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Japanese Cultural Practices and Techniques

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21 facts:

Amigurumi
   is the Japanese practice/technique of   
Crochet or Knitting of Stuffed Creatures
Amigurumi is a portmanteau of the Japanese words ami (crocheted or knitted) and nuigurumi (stuffed doll). Precursors to the styles which are now fairly well-known in the West are thought to date back to the 12th century.
Bachiru
   is the Japanese practice/technique of   
Dyeing and Engraving Ivory
The ivory is first boiled and soaked in dye then etched with an image. The engraving process produces ivory or white coloured lines as the hard ivory does not deeply absorb the pigment. Sometimes a second colour is used to fill in the engraving.
Bonsai
   is the Japanese practice/technique of   
Growing Very Small Trees and Shrubs in Pots
"Planted in a Container". Roots and branches are routinely pruned so as to achieve a desired shape. The plant will develop to look like a mature tree or shrub while remaining a fraction of the size.
Cha-no-yu
   is the Japanese practice/technique of   
The Tea Ceremony
Also known as Sado - "Way of Tea" or Chado. All aspects of the ceremony are highly ritualised with emphasis on hospitality and consideration of the guests. Traditional Japanese sweets are served to balance the bitterness of the Matcha (powdered green tea). The gatherings can involve a light meal or a full course meal which can last several hours.
Chigiri-e
   is the Japanese practice/technique of   
Torn Paper Craft
The art of tearing and arranging coloured paper to form a picture. Dating from the Heian period, this method creates a watercolour effect. Washi (handmade) paper is the preferred medium for this technique.
Ikebana
   is the Japanese practice/technique of   
Flower Arranging
"Making Flowers Alive". Dates from the 7th century. In traditional ikebana, the use of leaves and stems is kept to a minimum in order to maintain focus on the beauty of the flowers.
Irezumi
   is the Japanese practice/technique of   
Tattooing
"Inserting Ink" The Horishi (tattoo artist) produces the work by hand, using bamboo handles with metal needles joined by silk threads. This tattoo method uses special inks, is labour intensive, time consuming and requires a highly skilled practitioner. Very few horishi work with this technique. common motifs include dragons, Koi, tigers and flowers.
Kintsugi
   is the Japanese practice/technique of   
Mending Broken Crockery With Lacquer and Precious Metals
"Golden Joinery" Known also as Kintsukuroi. The damaged item is repaired with lacquer. Powdered gold, silver or platinum is either mixed in with the lacquer or brushed on to the join before it has cured.
Kirigami
   is the Japanese practice/technique of   
Cutting and Folding Paper
While similar to Origami, the cutting allows for more intricate designs. In it's purest form, Kirigami, like Origami, is limited to a single sheet of paper but now many kits contain glue and multiple pieces of paper.
Kodo
   is the Japanese practice/technique of   
Use of Incense
Believed to date back to at least the 6th century and the arrival of Buddhism, aromatic substances have since been widely used in purification rituals and religious ceremonies and even some games and contests.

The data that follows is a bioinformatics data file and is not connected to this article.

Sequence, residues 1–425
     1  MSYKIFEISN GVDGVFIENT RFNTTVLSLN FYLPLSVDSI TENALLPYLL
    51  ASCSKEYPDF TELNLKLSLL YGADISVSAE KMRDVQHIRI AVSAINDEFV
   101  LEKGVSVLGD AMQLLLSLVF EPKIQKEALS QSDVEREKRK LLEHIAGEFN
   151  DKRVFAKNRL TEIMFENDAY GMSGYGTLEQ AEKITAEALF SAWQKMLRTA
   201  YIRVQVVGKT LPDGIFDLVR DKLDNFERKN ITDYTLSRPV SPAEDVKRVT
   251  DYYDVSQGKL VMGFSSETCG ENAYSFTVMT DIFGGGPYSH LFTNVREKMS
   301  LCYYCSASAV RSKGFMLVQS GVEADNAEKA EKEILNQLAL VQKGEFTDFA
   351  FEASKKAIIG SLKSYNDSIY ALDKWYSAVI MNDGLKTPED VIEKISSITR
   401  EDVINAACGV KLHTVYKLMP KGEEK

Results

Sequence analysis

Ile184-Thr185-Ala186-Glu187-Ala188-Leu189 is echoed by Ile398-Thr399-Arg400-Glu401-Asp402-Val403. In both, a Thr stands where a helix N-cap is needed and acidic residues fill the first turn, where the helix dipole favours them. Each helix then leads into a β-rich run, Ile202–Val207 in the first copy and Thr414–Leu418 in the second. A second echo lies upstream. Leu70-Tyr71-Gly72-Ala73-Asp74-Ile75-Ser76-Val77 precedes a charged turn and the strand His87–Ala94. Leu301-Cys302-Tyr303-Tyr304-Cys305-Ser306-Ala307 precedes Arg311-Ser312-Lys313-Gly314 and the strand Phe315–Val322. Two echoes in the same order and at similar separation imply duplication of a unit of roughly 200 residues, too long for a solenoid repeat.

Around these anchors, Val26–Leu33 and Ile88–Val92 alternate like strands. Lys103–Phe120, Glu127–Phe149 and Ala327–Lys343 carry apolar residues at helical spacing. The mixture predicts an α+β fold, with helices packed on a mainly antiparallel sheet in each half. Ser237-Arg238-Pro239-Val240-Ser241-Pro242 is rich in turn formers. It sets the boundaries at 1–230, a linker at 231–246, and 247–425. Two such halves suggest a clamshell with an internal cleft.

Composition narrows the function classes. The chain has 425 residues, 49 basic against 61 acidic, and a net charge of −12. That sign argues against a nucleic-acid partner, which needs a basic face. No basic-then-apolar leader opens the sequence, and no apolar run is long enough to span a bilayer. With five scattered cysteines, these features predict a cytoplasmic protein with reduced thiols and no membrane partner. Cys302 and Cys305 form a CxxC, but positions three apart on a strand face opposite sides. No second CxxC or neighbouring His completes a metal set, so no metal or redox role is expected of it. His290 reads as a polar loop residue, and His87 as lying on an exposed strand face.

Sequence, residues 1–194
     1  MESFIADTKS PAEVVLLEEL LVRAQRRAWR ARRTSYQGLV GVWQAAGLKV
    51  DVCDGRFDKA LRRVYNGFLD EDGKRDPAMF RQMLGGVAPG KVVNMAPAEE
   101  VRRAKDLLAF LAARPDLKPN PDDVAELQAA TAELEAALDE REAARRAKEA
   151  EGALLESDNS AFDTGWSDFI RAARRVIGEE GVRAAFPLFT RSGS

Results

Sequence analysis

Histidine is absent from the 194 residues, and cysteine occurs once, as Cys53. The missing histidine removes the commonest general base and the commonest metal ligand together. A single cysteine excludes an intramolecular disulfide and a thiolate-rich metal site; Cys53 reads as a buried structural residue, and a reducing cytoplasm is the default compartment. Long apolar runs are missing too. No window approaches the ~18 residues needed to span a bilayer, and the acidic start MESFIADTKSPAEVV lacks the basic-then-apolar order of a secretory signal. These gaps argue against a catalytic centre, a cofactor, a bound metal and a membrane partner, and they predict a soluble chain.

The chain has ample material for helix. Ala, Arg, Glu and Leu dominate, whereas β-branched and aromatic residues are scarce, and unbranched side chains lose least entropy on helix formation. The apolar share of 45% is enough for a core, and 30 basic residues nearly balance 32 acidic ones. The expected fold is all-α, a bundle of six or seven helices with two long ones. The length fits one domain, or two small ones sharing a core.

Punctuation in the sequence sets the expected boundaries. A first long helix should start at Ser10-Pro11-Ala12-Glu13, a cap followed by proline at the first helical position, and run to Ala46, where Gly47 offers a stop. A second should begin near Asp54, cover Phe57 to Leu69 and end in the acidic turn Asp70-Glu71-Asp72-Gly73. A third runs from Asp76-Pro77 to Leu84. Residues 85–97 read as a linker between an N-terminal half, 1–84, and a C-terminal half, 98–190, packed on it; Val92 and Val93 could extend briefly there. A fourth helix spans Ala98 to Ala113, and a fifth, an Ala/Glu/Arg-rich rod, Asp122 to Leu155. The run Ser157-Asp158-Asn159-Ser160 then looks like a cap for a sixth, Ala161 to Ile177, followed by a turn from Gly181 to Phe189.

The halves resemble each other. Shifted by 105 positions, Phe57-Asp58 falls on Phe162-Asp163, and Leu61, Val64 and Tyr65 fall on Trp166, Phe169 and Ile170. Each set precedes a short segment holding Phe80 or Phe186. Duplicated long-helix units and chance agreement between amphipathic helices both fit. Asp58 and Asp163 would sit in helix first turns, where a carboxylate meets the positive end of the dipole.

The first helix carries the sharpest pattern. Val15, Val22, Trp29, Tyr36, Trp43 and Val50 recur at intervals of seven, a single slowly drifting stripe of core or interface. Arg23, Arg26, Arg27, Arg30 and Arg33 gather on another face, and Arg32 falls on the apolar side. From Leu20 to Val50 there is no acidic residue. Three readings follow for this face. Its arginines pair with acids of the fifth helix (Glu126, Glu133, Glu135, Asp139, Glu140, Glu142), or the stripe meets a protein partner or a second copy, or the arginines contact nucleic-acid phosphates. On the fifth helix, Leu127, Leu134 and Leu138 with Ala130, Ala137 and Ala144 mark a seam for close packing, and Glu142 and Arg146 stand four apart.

Kumihimo
   is the Japanese practice/technique of   
Braid-making
"Gathering Threads". Cords and ribbons made this way were commonly used on the armour of samurai and their horses.
Maki-e
   is the Japanese practice/technique of   
Gold or Silver Decoration of Lacquer Ware
"Sprinkled Picture" A technique in which gold or silver is scattered in elaborated designs over Urushi (lacquer). Sap is obtained from the Asian lacquer tree and used to produce wide variety of objects such as bowls, dishes, boxes, statues and screens.
Moritsuki
   is the Japanese practice/technique of   
Arrangement of Food
All components of the dish to be served are taken into account. Every aspect, from the colours, textures, placement and combination of foods to the type of serving-ware is carefully considered.
Mukimono
   is the Japanese practice/technique of   
Decorative Food Carving
For garnishing. Specifically, the intricate carving of fruits, vegetables and other foods creating geometric shapes, flowers and animals. Watermelons are a common feature and accomplished chefs can produce beautiful and stunningly complex results.
Origami
   is the Japanese practice/technique of   
Paper Folding
Originally, the traditional practice dictated the folding and sculpting of a single square sheet of paper without use of cuts or glue although today multiple sheets and different shapes of paper are acceptable.
Raden
   is the Japanese practice/technique of   
Inlaying of Shell or Ivory
Mother-of-pearl and abalone shell are the most commonly used materials to decorate a wide variety of lacquer ware.
Shiatsu
   is the Japanese practice/technique of   
Massage
"Finger Pressure". A form of therapeutic massage using fingers, thumbs, palms and feet.
Shibari
   is the Japanese practice/technique of   
Bondage Rope Tying
Roughly translated as "To Tie" The art of elaborate rope harnesses and knotted restraints for erotic pleasure. A form of B.D.S.M.
Shodo
   is the Japanese practice/technique of   
Calligraphy and Penmanship
"Way of Writing". Also known as Shuji.
Suminagashi
   is the Japanese practice/technique of   
Paper Marbling
"Floating Ink". Various inks are floated on the surface of a shallow water bath and the papers are laid on the top to absorb the colour. References to this method go as far back as the 12th century.
Usuzukuri
   is the Japanese practice/technique of   
Finely Slicing Fish
A technique for producing sashimi. The filleting is done so thinly that the slices are translucent.


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